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Over the course of the twentieth century, there was a major shift in the way that audiences experienced music. The advent of broadcasting and recording technology brought a sea-change in the standard situation in which music was heard. Where, before, music was rarely heard in the absence of musicians producing it live, now one could listen in one’s living room to a performance that was actually going on thousands of miles away, or, stranger still, one that was already finished, and one could listen to the latter kind over and over again. Musicians and theorists had quite a bit to say about this shift. Generalizing somewhat, people tended to divide into two camps. On the one hand were those who were enthusiastically for recordings, arguing that they were a new tool for musicians of all sorts to both create new kinds of musical objects, and record and disseminate traditional performances. On the other hand were those who thought that recordings were a mixed blessing. While few condemned recordings outright, detractors expressed various kinds of concern about them, from the indirect effects they might have on live performance to their ambiguous status as somehow performance-like, yet also a quite different kind of thing.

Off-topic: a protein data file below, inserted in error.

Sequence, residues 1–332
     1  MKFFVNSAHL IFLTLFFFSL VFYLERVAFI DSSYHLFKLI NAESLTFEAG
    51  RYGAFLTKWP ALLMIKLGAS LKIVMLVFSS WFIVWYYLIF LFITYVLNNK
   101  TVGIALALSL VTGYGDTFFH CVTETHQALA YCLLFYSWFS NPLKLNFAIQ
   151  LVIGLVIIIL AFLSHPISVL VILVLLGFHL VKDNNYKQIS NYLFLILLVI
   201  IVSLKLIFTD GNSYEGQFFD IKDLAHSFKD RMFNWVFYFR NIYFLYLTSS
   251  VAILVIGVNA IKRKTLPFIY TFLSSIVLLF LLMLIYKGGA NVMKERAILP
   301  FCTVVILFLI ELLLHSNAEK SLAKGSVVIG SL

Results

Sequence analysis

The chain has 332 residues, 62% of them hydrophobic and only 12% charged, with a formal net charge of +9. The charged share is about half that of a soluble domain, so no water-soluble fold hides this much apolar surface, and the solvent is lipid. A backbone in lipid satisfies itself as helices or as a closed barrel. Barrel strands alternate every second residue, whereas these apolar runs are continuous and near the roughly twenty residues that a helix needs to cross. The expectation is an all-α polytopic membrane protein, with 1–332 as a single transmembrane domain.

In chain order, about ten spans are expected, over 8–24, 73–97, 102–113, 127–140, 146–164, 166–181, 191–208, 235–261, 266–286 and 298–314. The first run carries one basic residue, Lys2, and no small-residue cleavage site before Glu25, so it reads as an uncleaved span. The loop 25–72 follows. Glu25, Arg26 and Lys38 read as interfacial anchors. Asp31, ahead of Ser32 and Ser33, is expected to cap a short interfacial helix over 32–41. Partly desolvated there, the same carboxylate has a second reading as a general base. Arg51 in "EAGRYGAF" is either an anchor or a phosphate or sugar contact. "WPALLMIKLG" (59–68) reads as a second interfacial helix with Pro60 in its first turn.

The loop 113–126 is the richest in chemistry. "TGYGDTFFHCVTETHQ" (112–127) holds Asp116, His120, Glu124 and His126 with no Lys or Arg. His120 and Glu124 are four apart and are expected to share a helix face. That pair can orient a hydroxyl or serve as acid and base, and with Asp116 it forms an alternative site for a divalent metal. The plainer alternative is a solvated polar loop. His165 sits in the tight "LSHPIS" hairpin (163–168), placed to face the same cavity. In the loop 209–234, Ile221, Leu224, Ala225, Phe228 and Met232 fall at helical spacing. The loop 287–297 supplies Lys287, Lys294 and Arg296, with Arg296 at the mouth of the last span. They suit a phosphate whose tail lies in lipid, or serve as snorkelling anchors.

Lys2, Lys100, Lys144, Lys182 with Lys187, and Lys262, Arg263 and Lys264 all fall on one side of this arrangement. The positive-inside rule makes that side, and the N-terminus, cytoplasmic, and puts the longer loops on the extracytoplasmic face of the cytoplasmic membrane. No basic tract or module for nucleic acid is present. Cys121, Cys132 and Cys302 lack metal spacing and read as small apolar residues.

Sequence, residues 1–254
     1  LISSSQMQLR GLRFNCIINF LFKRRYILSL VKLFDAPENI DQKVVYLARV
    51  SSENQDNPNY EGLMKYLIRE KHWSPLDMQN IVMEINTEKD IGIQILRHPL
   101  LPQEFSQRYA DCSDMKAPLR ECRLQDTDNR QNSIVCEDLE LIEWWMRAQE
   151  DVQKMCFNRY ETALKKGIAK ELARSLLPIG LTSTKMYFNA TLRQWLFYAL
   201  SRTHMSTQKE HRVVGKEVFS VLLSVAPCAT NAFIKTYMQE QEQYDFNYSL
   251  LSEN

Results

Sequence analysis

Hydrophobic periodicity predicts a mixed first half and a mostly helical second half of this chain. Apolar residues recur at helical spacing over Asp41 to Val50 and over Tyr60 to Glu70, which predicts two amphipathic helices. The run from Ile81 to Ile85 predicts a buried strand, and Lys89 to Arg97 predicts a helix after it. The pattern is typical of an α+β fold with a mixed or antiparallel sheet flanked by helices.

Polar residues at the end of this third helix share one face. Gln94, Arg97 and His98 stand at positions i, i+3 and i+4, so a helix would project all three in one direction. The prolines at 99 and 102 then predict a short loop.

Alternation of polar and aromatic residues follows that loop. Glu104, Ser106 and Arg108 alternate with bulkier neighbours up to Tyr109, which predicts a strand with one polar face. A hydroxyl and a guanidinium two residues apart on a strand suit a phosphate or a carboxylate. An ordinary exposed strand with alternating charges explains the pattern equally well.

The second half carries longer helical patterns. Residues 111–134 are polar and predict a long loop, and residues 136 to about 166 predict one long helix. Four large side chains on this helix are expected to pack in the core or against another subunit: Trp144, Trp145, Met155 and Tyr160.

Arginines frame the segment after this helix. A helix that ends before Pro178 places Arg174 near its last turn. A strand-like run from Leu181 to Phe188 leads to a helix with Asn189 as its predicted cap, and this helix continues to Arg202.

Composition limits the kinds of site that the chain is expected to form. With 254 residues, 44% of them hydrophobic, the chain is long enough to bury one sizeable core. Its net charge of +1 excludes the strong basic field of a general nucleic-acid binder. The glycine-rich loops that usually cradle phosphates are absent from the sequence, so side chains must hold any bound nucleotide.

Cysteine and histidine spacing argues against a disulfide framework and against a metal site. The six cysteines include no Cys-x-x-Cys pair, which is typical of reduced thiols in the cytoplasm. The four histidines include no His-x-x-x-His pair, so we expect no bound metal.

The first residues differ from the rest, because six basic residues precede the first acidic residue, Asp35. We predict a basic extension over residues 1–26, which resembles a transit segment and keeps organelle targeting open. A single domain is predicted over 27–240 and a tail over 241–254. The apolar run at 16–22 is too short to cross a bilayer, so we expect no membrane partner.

Blackwell Publishers Ltd.

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